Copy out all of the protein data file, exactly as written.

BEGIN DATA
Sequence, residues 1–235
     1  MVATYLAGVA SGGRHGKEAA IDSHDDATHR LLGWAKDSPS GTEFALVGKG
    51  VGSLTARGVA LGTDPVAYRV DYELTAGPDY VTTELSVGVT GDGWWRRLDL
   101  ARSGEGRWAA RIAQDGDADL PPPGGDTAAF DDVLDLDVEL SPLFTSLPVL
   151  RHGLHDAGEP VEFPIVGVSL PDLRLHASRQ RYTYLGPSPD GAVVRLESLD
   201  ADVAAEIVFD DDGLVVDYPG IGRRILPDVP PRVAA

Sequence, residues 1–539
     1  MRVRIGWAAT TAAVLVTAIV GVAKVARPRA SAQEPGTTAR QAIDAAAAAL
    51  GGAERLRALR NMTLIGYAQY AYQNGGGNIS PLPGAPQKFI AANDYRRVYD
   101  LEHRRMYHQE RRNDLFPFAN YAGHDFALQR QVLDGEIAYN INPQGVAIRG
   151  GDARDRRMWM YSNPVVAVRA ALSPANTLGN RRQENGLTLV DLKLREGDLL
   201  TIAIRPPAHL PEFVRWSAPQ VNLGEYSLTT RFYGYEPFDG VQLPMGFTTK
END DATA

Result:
Sequence, residues 1–235
     1  MVATYLAGVA SGGRHGKEAA IDSHDDATHR LLGWAKDSPS GTEFALVGKG
    51  VGSLTARGVA LGTDPVAYRV DYELTAGPDY VTTELSVGVT GDGWWRRLDL
   101  ARSGEGRWAA RIAQDGDADL PPPGGDTAAF DDVLDLDVEL SPLFTSLPVL
   151  RHGLHDAGEP VEFPIVGVSL PDLRLHASRQ RYTYLGPSPD GAVVRLESLD
   201  ADVAAEIVFD DDGLVVDYPG IGRRILPDVP PRVAA

Sequence, residues 1–539
     1  MRVRIGWAAT TAAVLVTAIV GVAKVARPRA SAQEPGTTAR QAIDAAAAAL
    51  GGAERLRALR NMTLIGYAQY AYQNGGGNIS PLPGAPQKFI AANDYRRVYD
   101  LEHRRMYHQE RRNDLFPFAN YAGHDFALQR QVLDGEIAYN INPQGVAIRG
   151  GDARDRRMWM YSNPVVAVRA ALSPANTLGN RRQENGLTLV DLKLREGDLL
   201  TIAIRPPAHL PEFVRWSAPQ VNLGEYSLTT RFYGYEPFDG VQLPMGFTTK